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News

St Jude Medical launches new vascular closure device

St Jude Medical : 14 October, 2008  (New Product)
St Jude Medical has announced US FDA and European CE Mark approval of the Angio-Seal Evolution Vascular Closure Device.
The approval and global launch was announced at the Transcatheter Cardiovascular Therapeutics conference in Washington, DC, USA.

The Angio-Seal Evolution device is designed to enable physicians to quickly and effectively seal femoral artery punctures made during minimally invasive catheter-based procedures. Effectively sealing the puncture helps achieve haemostasis (cessation of bleeding) quickly, enabling the patient to walk and resume activities sooner.

The Angio-Seal Evolution platform features an entirely new delivery system that significantly reduces the variability that can occur as physicians deploy and secure the Angio-Seal closure system. Consistent with its Angio-Seal predecessors, Angio-Seal Evolution achieves haemostasis through the deployment of an anchor, suture and collagen seal (each of which is bioabsorbable). With Evolution, however, single-handed deployment has been made possible for the first time, which enables physicians to more easily support the puncture site. The new device's automated collagen compaction system ensures consistent compaction of the collagen against the exterior wall of the vessel reducing procedural variables. With fewer variables in device deployment, physicians gain greater control and consistency in achieving rapid, safe and reliable haemostasis for their patients.

'The Angio-Seal Evolution takes a major step forward by automatically compacting the collagen,' said Robert J Applegate, MD, Wake Forest University Baptist Medical Center, Winston-Salem, North Carolina. 'The confidence it provides physicians in closing the puncture in such a short period of time with such effectiveness is outstanding.'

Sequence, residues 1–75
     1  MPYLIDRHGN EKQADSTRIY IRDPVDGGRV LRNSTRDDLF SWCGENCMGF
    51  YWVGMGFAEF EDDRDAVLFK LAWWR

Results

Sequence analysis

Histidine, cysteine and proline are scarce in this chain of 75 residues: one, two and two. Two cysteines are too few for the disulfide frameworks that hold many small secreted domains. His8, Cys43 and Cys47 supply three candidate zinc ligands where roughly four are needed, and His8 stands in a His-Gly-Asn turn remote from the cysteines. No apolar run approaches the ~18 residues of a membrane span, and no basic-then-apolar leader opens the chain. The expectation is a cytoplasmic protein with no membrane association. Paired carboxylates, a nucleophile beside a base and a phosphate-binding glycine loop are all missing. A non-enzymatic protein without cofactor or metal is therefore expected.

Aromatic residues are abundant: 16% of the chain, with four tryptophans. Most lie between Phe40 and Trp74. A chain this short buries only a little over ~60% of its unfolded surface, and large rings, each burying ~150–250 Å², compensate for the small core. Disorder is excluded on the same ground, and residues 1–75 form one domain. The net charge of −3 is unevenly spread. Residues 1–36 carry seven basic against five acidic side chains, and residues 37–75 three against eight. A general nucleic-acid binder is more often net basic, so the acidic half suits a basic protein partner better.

More than 13 million catheterizations are performed worldwide each year to open narrowed or blocked arteries and perform other cardiovascular procedures. During catheterizations, physicians insert a Catheter (a thin tube) through a puncture made in the femoral artery in the upper thigh and guide it through the blood vessels to the point of care. Treatments such as balloons, stents and medications are then delivered through the catheter. Once a procedure is complete and the Catheter is removed, bleeding from the puncture in the femoral artery must be stopped quickly.

Unlike most vascular closure devices, the Angio-Seal Evolution closure system is fully absorbed by the body within 60 to 90 days. This reduces risks associated with foreign material left permanently in the body and allows for repeat procedures without concerns about prior placement of closure devices.

'The Angio-Seal Evolution embodies St Jude Medical's commitment to providing physicians with more control over patient outcomes while reducing procedural variability,' said Frank J Callaghan, president of the St Jude Medical Cardiovascular Division. 'We are confident the Evolution platform will further enhance Angio-Seal's position as the recognized leader in vascular closure and provide physicians with increased confidence in the ease of device deployment and predictability.'

Prior to Angio-Seal, patients were required to endure 15 to 30 minutes of manual pressure at the catheter's access site in the leg, followed by four to 12 hours of bed rest to ensure that haemostasis was maintained. Most patients treated with Angio-Seal devices report significantly less discomfort after a catheterization and are able to resume normal activity more quickly. When Angio-Seal devices are used to seal vascular punctures made to diagnose cardiovascular conditions, most patients are able to walk within 20 minutes and leave the hospital one hour later.

Angio-Seal closure devices also increase hospital productivity and efficiency by reducing the length of patient stays in the catheterization lab or recovery area, thus providing potential cost savings.
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